Over a year after it landed on the moon for a three-month mission, the Chinese moon rover, Yutu, is functioning but stationary. The rover, named “Jade Rabbit” after the pet of the Chinese Moon goddess Chang’e, landed on the lunar surface in December 2013. It is the first spacecraft to softland on the moon since 1976.
Yutu is part of China’s Chang’e Moon Mission. It makes China only the third country to have landed a spacecraft on the moon. The Chinese Lunar Exploration Mission (CLEP) includes lunar orbiters, landers, rovers and sample return craft. The ultimate goal may be a manned lunar landing by 2025-2030.
Currently, Yutu is functioning but not mobile. It was designed to “sleep” through the lunar nights (about 14 days long) since there would not be enough sunlight to power its solar panels. Due to a mechanical malfunction, Yutu’s solar panels have not been able to close to protect the rover from the low temperatures of the lunar night, and it has been difficult to “reawaken” the craft. Most scientific instruments and communications appear to be functioning, however. The rover was designed to survey lunar topography and geology, the Sun-Earth-Moon space environment, and to conduct astronomical observations.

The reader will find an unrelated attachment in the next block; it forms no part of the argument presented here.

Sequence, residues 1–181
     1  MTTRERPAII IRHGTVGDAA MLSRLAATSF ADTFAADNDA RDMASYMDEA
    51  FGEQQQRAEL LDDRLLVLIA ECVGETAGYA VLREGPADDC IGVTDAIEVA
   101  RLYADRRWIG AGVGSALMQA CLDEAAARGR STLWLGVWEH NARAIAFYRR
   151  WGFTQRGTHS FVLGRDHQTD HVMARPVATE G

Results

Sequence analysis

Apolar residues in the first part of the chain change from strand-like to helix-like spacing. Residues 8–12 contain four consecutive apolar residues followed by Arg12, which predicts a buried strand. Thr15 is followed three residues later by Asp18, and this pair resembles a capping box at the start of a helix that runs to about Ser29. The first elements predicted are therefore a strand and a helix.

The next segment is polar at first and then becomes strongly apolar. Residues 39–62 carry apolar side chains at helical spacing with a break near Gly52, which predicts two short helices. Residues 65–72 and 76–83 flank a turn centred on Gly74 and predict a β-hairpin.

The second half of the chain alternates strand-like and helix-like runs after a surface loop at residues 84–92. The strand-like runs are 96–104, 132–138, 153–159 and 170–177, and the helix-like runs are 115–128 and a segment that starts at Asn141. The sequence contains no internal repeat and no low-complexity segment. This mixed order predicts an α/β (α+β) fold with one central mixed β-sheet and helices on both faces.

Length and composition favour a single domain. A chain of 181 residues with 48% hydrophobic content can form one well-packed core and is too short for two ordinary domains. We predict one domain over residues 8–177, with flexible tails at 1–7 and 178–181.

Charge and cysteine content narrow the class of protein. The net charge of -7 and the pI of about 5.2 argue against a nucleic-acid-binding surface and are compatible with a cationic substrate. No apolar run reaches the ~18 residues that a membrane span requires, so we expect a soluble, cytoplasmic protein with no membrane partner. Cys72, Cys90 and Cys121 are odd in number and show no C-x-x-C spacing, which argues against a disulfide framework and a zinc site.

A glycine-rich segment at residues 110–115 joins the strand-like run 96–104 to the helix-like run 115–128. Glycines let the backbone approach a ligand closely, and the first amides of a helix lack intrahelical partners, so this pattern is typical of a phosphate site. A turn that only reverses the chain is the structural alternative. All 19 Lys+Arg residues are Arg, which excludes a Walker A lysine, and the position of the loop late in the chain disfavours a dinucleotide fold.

Interestingly, Chang’e and Yutu were the topic of conversation between Mission Control in Houston and the Apollo 11 crew in 1969, shortly before the first manned moon landing.
“095:17:28 Evans: Among the large headlines concerning Apollo this morning, is one asking that you watch for a lovely girl with a big rabbit. An ancient legend says a beautiful Chinese girl called Chang-O has been living there for 4,000 years. It seems she was banished to the Moon because she stole the pill of immortality from her husband. You might also look for her companion, a large Chinese rabbit, who is easy to spot since he is always standing on his hind feet in the shade of a cinnamon tree. The name of the rabbit is not reported.”
“095:18:15 Collins: Okay. We’ll keep a close eye out for the bunny girl.”